[Original Novel] Brainchild, Part 5


Previous parts: 1, 2, 3, 4

The picture began to grow clear. I asked.

He mulled that one over before answering.

My eyes widened. He paused, perhaps to torment me with the anticipation.

A tall tale. It had to be, knowing Dad. Yet there was no trace of deceit on his face. Just a thousand yard stare.

He inhaled through his teeth and winced. I interrupted him here.

He tensed up.

He met my gaze, and narrowed his eyes.

Now glued to my seat, I begged to know more.

I couldn’t understand a lot of it. But I could feel the emotional gravity, through senses only recently awakened in me. By this, I knew he was being truthful.

Whenever I’d asked teachers about it before, they’d just lied. I knew they were lying because they all gave different answers. , one said. But then, why not live on the water? , another said. But would it not eventually die off with no human hosts? They must think children are stupid, rather than simply inexperienced.

My curiosity now provoked, I felt insatiable. He sighed.

He declined to say more. Which frustrated me as I’d only just gotten a glimpse of something larger which I felt was the key to understanding why I’d been changing recently. But, satisfied that I knew as much as I needed and as much as he wanted me to know, Dad warned me to keep it to myself, then sent me to bed.

I awoke the next morning with still vivid memories of a bizarre nightmare. Of ionocraft controlled not by human pilots, but intelligent machines, who also performed every other menial task. Of injured soldiers regrowing arms and legs lost in war, perhaps adding a second set if they saw fit.

Changes upon changes, accumulating until the creatures undertaking all of this were no longer recognizably human. I recoiled from the idea, understanding to some degree why, in recognition of where that path was taking us, we’d refused to continue down it. But could I really justify…?

Besides which, I was now one of those deviants. Wasn’t I? I knew of nobody else in my class who could move things without touching them, much less fly. Skills I guessed would not be well received, should I reveal them. So, I lived in hiding. Surrounded by others who outwardly looked like me but who I found it increasingly difficult to relate to.

Somehow, word got around that I was sick. A deficiency of any kind, however slight, was reason enough to heap ridicule on someone. This was not discouraged but reinforced, to make clear to us the price of succumbing to weakness of any sort. The price of deviation from a singular ideal.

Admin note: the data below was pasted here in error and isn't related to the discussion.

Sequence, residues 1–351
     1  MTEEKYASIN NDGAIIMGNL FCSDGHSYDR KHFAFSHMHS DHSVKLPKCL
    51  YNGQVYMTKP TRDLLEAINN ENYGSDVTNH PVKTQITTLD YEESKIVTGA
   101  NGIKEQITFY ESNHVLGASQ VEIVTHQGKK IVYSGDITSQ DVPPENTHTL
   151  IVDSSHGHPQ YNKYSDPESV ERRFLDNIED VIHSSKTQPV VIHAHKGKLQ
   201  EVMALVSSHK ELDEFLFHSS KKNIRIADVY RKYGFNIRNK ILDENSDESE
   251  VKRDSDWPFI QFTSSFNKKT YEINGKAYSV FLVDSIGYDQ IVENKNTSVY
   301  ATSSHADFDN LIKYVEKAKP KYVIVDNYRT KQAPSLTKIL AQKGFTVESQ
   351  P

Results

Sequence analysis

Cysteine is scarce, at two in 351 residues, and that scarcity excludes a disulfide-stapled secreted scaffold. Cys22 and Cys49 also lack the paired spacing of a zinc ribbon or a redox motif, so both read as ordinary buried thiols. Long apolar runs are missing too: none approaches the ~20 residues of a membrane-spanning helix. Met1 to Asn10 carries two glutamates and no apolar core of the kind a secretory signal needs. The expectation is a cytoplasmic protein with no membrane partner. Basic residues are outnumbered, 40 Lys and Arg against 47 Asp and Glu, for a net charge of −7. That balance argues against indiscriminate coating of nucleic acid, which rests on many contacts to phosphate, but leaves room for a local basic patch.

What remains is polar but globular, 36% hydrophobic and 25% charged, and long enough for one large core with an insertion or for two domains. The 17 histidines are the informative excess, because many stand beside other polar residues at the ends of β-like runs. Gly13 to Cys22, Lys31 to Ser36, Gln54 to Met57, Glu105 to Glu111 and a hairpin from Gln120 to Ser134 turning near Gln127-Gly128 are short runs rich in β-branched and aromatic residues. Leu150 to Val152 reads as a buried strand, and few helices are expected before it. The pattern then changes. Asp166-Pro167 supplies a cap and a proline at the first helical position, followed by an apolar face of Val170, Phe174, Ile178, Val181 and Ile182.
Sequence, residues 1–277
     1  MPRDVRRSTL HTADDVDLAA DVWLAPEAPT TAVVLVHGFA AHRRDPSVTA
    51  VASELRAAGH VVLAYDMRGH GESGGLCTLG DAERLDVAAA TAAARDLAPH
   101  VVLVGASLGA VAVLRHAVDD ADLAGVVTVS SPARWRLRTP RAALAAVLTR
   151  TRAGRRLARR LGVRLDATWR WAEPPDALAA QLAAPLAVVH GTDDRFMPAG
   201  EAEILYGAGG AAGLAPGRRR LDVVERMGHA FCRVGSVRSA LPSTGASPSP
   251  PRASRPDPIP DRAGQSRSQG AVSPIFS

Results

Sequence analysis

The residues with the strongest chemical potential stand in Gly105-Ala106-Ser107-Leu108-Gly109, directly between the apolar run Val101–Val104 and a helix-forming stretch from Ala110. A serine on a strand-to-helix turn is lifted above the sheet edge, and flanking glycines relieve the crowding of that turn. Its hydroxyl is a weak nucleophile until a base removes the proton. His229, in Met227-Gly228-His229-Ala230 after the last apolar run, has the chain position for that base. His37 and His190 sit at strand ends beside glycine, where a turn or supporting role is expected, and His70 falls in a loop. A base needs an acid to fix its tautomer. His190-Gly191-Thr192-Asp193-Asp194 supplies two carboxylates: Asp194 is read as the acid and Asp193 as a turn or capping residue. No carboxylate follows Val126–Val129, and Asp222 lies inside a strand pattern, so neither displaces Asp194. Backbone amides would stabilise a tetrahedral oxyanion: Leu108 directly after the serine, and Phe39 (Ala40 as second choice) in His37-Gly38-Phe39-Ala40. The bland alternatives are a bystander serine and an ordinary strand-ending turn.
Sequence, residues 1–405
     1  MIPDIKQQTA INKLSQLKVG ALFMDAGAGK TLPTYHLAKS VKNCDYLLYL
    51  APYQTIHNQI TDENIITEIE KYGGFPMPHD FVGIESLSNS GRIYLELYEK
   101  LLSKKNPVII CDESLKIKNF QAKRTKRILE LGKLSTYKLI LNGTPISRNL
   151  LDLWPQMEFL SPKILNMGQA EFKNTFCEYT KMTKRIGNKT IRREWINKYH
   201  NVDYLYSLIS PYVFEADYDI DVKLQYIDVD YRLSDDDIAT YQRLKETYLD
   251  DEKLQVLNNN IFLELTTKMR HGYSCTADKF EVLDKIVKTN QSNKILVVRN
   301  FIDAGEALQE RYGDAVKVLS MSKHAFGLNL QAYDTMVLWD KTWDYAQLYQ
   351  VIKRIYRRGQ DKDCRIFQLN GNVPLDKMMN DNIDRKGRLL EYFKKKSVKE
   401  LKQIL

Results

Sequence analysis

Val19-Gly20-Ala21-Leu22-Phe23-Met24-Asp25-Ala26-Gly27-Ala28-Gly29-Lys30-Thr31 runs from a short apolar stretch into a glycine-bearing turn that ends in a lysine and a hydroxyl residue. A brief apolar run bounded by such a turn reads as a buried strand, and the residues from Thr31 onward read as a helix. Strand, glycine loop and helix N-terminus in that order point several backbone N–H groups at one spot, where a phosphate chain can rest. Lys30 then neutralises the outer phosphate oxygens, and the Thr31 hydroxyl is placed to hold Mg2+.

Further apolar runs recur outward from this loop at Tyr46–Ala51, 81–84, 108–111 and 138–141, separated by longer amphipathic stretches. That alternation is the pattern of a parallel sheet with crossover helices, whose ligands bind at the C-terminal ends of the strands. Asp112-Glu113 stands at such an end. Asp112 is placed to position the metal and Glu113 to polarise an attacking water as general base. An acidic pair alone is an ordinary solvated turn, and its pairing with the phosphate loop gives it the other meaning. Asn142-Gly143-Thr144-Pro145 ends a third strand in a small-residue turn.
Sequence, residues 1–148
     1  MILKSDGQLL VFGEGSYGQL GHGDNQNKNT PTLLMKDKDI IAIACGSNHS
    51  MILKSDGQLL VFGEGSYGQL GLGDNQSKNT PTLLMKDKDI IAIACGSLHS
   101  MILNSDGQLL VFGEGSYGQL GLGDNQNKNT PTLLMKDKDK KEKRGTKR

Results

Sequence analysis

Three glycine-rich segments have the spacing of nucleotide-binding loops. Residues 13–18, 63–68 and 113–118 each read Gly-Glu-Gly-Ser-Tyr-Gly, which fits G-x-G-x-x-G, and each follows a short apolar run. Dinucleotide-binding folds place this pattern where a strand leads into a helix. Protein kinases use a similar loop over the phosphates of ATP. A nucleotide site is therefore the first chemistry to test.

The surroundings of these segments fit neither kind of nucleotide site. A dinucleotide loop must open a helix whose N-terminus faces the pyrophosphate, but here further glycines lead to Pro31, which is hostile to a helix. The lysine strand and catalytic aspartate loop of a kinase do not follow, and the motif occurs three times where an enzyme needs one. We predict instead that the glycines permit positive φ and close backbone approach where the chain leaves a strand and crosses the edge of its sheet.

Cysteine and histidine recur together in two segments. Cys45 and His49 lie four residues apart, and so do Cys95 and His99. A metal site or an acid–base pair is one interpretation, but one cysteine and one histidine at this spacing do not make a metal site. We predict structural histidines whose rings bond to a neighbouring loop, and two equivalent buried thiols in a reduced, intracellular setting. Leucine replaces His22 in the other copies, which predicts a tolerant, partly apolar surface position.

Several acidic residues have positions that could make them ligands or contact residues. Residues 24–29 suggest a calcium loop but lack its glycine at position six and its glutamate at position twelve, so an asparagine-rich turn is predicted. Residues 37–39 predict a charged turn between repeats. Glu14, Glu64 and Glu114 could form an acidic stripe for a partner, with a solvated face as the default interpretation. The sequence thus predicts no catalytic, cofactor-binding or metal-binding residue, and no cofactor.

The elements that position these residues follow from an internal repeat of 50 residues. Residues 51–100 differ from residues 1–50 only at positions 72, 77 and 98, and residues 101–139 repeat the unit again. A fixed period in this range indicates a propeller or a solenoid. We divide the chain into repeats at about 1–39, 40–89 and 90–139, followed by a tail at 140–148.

A girl with three bright red pigtails shrieked at me, laughing thereafter like a manic gibbon. I cringed. Never before had I been the focus of collective scorn like this. I felt very small and fearful, but knew better than to show it.

one of them shouted, hurling a rubber ball at my head. Reflexively, I stopped it mid-air. It hung in place for a moment as everyone present stared, jaws hanging open. Then it fell and bounced away. I began.

I didn’t get to finish. one of the girls feebly whispered, still stunned. Then, reinforced by the outraged cries of the rest, she screamed I don’t know what they might’ve done to me, had a teacher not seized me by the collar and frog marched me to the doctor’s office.

the kindly looking grey haired man inquired. I’d seen him only once before when I skinned my knee playing cloudball in second grade. I appreciated that he hadn’t made some remark about how much I’d grown since he last saw me, an irritating habit most grownups seem to share.

I affirmed that I’d swallowed the little grey pill as instructed. He stroked his chin, deep in thought. Then set about taking my blood pressure, measuring my cranium and administering tests similar to the ones I remembered from the hospital. As before, I deliberately restrained myself.

He didn’t clarify, but I could guess at his meaning. I recalled the boy from my hospital room, now contained in some unfamiliar form within that great metal sphere. , the doctor mentioned in passing. That perked my ears up. He made eye contact, surprised by my interest.

I post text here, often accompanied by images and sometimes video. People then clap or don't depending on whether they enjoy what I posted.

Get the Medium app

A button that says 'Download on the App Store', and if clicked it will lead you to the iOS App store
A button that says 'Get it on, Google Play', and if clicked it will lead you to the Google Play store